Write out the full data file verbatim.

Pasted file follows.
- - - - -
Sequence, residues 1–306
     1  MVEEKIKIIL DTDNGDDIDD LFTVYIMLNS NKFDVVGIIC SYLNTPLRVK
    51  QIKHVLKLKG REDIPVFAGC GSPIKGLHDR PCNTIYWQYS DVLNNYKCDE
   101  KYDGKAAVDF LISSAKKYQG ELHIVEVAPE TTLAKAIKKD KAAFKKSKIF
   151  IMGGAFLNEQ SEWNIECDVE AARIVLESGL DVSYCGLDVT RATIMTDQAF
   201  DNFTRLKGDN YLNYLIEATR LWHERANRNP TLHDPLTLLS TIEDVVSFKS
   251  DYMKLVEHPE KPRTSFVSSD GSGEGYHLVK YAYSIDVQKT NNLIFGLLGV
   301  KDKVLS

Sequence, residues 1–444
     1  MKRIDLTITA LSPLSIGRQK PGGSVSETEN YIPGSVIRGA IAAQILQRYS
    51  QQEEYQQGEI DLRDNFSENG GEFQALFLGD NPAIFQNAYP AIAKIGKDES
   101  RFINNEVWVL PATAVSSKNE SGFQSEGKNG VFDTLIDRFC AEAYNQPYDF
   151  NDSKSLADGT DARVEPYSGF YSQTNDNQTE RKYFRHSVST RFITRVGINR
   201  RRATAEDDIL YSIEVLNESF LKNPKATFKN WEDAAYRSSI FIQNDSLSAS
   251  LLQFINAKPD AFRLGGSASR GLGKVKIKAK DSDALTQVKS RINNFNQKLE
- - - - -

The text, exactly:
Sequence, residues 1–306
     1  MVEEKIKIIL DTDNGDDIDD LFTVYIMLNS NKFDVVGIIC SYLNTPLRVK
    51  QIKHVLKLKG REDIPVFAGC GSPIKGLHDR PCNTIYWQYS DVLNNYKCDE
   101  KYDGKAAVDF LISSAKKYQG ELHIVEVAPE TTLAKAIKKD KAAFKKSKIF
   151  IMGGAFLNEQ SEWNIECDVE AARIVLESGL DVSYCGLDVT RATIMTDQAF
   201  DNFTRLKGDN YLNYLIEATR LWHERANRNP TLHDPLTLLS TIEDVVSFKS
   251  DYMKLVEHPE KPRTSFVSSD GSGEGYHLVK YAYSIDVQKT NNLIFGLLGV
   301  KDKVLS

Sequence, residues 1–444
     1  MKRIDLTITA LSPLSIGRQK PGGSVSETEN YIPGSVIRGA IAAQILQRYS
    51  QQEEYQQGEI DLRDNFSENG GEFQALFLGD NPAIFQNAYP AIAKIGKDES
   101  RFINNEVWVL PATAVSSKNE SGFQSEGKNG VFDTLIDRFC AEAYNQPYDF
   151  NDSKSLADGT DARVEPYSGF YSQTNDNQTE RKYFRHSVST RFITRVGINR
   201  RRATAEDDIL YSIEVLNESF LKNPKATFKN WEDAAYRSSI FIQNDSLSAS
   251  LLQFINAKPD AFRLGGSASR GLGKVKIKAK DSDALTQVKS RINNFNQKLE